ORAC of brans of selected Sri Lankan traditional red rice is given in Table 3. There was a significant difference (P<0.05) among the varieties for ORAC. The ORAC of brans of selected rice varieties in terms of mM TE/g extract and mM TE/100 g bran varied from 0.77 ± 0.04 to 1.02 ± 0.04 and from 6.63 ± 0.33 to 8.89 ± 0.34 respectively. Rice brans of Sudu Heeneti and Goda Heeneti exhibited the highest ORAC. The order of potency of selected rice varieties for ORAC (in terms of mM TE/100 g bran) was Sudu Heeneti=Goda Heeneti>Masuran=Dik Wee (Table 3).

Table 3: Oxygen radical absorbance capacity of brans of selected Sri Lankan traditional rice.

Rice variety mmol TE/g extract mmol TE/100 g bran
Goda Heeneti 1.02 ± 0.04a 8.89 ± 0.34a
Sudu Heeneti 1.01 ± 0.03a 8.82 ± 0.29a
Dik Wee 0.89 ± 0.03b 6.98 ± 0.25b
Masuran 0.77 ± 0.04c 6.63 ± 0.33b

Discussion

In recent years many antioxidant assays covering various mode of actions have been developed to estimate the antioxidant properties of various substrates [23,24]. The radical scavenging mechanism based in vitro antioxidant assays are widely used in measuring antioxidant activities of food and natural products [23,24]. Such in vitro antioxidant assays measure the radical scavenging abilities using both non physiological (artificial) and physiological radicals [23,24]. However, measuring antioxidant potential using physiological radicals based antioxidant activity assays may be more relevant to the biological system. Therefore, in the present study antioxidant activities of rice brans of selected Sri Lankan traditional rice varieties were studied using physiological radicals based in vitro antioxidant assays covering both reactive oxygen species and reactive nitrogen species. The rice varieties used in the present study and 70% ethanolic extracts of the rice bran were selected based on our previous research findings [8,9,17].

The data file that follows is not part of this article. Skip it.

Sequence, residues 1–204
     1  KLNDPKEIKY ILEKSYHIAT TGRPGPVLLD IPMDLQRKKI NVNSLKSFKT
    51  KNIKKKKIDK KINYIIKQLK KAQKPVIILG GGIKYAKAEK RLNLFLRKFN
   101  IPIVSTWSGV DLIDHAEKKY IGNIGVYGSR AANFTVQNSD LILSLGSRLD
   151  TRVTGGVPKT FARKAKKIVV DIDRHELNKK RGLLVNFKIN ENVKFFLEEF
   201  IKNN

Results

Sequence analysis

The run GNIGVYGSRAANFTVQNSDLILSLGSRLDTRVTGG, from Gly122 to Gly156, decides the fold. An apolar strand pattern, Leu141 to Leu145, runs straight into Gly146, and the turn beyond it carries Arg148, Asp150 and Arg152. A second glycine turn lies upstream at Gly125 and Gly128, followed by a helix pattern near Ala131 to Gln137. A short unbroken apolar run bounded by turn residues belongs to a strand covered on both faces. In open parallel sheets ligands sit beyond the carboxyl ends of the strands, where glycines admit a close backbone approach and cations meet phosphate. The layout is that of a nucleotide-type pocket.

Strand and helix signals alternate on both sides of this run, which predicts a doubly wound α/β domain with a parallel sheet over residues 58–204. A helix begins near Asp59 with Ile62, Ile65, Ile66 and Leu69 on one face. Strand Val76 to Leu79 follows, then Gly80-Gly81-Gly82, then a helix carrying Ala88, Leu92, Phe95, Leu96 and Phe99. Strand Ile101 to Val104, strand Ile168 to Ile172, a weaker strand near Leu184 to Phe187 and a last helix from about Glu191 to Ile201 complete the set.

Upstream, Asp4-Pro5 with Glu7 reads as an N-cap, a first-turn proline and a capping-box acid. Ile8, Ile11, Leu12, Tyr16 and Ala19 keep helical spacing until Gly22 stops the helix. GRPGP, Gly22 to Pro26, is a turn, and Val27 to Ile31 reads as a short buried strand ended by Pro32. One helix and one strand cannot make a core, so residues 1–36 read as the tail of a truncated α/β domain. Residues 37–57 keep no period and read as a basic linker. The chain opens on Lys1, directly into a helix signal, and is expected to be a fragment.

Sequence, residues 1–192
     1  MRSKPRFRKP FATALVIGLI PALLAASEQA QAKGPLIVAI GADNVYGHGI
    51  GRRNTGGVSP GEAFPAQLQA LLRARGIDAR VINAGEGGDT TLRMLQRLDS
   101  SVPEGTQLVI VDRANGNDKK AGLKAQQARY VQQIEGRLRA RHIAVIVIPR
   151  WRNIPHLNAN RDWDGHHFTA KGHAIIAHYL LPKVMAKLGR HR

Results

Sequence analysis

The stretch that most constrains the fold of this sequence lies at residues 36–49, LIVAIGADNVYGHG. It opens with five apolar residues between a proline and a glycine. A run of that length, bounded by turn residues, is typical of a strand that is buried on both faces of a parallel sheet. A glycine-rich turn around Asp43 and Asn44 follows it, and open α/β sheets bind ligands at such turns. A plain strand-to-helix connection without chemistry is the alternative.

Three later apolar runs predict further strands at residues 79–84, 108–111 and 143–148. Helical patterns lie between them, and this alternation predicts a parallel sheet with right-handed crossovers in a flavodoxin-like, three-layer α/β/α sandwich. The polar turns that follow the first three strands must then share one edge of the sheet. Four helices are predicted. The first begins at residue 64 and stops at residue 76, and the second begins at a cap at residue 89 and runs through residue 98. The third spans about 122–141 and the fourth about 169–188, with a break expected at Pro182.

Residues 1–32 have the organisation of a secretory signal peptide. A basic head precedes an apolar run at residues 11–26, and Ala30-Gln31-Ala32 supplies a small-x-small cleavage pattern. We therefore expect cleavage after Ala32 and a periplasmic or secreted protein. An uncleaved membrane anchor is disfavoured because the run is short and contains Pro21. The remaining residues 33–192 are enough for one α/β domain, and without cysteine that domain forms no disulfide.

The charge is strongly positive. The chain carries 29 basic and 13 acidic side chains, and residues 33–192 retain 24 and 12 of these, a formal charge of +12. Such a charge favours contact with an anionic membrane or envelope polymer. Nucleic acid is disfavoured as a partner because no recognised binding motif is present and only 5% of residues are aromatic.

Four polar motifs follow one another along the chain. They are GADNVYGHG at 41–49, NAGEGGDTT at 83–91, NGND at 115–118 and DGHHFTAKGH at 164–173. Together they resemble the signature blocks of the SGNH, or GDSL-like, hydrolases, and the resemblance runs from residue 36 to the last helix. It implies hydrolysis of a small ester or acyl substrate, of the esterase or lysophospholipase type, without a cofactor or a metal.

Reactive oxygen and reactive nitrogen species are generated in the human body either through metabolic processes or exposure to various hazardous chemicals, air pollutants and radiation [3,23,25]. Superoxide and peroxyl radicals are highly reactive radicals classified under reactive oxygen species. These radicals have been implicated in the pathophysiology of variety of chronic diseases such as cancers, diabetes and inflammatory diseases [3,23,26]. Functional foods having antioxidant activities via radical scavenging mechanisms are therefore important in prevention and management of such diseases [3,25]. Rice bran is well known to have antioxidant activities by numerous scientific studies [8-10,17-19]. However, the studies on superoxide radical scavenging activity and ORAC of rice bran are scare to date. According to a study by Nam et al. [27], superoxide radical scavenging activity (% inhibition) of brans of 21 rice cultivars varied from 16.7 ± 7.17 to 93.1 ± 1.24% at 0.5 mg/ml. The tested Sri Lankan rice varieties in the present study had inhibitory activity (% inhibition) in the range of 73.16 ± 4.82 to 80.51 ± 1.66% at same concentration (0.5 mg/ml). Thus, selected Sri Lankan traditional rice varieties are either more or less comparable or moderated in activity compared to the highly active rice varieties in Nam et al. [27] study. However, superoxide radical scavenging activity of rice brans of Sri Lankan traditional rice was moderate in activity compared to the reference standard Quercetin. ORAC assay is a measure of the radical scavenging activity of the physiological radical, peroxyl radical [23,24]. Results showed that bran extracts of all the rice varieties had ORAC with significantly high activities in brans of Sudu Heeneti and Goda Heeneti. However, these varieties had moderate ORAC activity compared to the ORAC of brans of recently published rice varieties by other researcher's world over [28,29]. This might be due the varietal differences and differences in the extraction procedures used.